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Structures and Physical Properties of Period 3 Elements

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    This page describes the structures of the Period 3 elements from sodium to argon, and shows how these structures can be used to explain the physical properties of the elements.

    Melting and boiling points


    In a moment we shall explain all the ups and downs in this graph.

    Electrical conductivity

    Sodium, magnesium and aluminum are all good conductors of electricity. Silicon is a semiconductor. None of the rest conduct electricity. These trends are explained below.

    Three metallic structures

    Sodium, magnesium and aluminum all have metallic structures, which accounts for their electrical conductivity and relatively high melting and boiling points. Melting and boiling points rise across the three metals because of the increasing number of electrons which each atom can contribute to the delocalized "sea of electrons". The atoms also get smaller and have more protons as you go from sodium to magnesium to aluminum.

    The attractions and therefore the melting and boiling points increase because:

    • The nuclei of the atoms are getting more positively charged.
    • The sea is getting more negatively charged.
    • The sea is getting progressively nearer to the nuclei and so more strongly attracted.

    Silicon - a giant covalent structure


    Silicon is a non-metal, and has a giant covalent structure exactly the same as carbon in diamond - hence the high melting point. You have to break strong covalent bonds in order to melt it. There are no obviously free electrons in the structure, and although it conducts electricity, it doesn't do so in the same way as metals. Silicon is a semiconductor.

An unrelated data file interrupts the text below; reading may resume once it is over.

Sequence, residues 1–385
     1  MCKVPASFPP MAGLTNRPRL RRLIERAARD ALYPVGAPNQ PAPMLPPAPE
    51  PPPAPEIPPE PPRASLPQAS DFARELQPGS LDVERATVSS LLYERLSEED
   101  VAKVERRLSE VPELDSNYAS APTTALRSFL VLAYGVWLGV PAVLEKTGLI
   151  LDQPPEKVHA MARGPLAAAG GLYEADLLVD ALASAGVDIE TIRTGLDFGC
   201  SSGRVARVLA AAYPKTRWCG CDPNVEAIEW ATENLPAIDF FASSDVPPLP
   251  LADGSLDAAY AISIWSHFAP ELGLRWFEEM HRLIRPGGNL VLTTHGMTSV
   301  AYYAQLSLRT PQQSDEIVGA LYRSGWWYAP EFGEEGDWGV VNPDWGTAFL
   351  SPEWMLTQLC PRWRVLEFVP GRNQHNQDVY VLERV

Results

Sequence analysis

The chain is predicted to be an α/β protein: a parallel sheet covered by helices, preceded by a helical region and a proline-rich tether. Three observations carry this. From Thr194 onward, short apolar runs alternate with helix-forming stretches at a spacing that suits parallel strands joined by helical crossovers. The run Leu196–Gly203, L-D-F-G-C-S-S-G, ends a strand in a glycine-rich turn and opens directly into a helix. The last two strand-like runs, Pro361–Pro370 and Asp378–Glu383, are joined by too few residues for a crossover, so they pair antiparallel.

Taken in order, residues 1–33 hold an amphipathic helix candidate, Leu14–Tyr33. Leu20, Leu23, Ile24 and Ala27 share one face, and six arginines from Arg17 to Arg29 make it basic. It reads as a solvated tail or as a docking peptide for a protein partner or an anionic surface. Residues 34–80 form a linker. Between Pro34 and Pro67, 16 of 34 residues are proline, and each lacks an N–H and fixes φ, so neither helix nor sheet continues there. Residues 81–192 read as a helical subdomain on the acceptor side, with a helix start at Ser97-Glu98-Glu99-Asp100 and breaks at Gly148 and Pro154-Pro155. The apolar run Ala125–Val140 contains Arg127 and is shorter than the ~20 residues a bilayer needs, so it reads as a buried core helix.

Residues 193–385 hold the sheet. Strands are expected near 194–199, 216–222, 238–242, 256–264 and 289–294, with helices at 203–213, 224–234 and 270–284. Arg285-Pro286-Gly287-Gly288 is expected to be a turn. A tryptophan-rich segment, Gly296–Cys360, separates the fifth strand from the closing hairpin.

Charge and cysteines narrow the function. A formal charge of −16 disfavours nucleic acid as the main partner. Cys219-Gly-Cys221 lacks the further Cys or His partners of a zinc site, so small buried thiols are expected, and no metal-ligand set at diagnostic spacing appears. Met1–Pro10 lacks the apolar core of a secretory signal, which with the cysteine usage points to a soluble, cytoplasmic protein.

Four molecular elements

    Phosphorus, sulfur, chlorine and argon are simple molecular substances with only van der Waals attractions between the molecules. Their melting or boiling points will be lower than those of the first four members of the period which have giant structures. The presence of individual molecules prevents any possibility of electrons flowing, and so none of them conduct electricity. The sizes of the melting and boiling points are governed entirely by the sizes of the molecules:


    Argon molecules consist of single argon atoms.

    • Phosphorus: There are several forms of phosphorus. The data in the graph at the top of the page applies to white phosphorus which contains P4 molecules. To melt phosphorus you don't have to break any covalent bonds - just the much weaker van der Waals forces between the molecules.
    • Sulfur: sulfur consists of S8 rings of atoms. The molecules are bigger than phosphorus molecules, and so the van der Waals attractions will be stronger, leading to a higher melting and boiling point.
    • Chlorine: Chlorine, Cl2, is a much smaller molecule with comparatively weak van der Waals attractions, and so chlorine will have a lower melting and boiling point than sulfur or phosphorus.
    • Argon: Argon molecules are just single argon atoms, Ar. The scope for van der Waals attractions between these is very limited and so the melting and boiling points of argon are lower again.

    Contributors and Attributions

    Jim Clark (

    This page titled Structures and Physical Properties of Period 3 Elements is shared under a CC BY-NC 4.0 license and was authored, remixed, and/or curated by Jim Clark.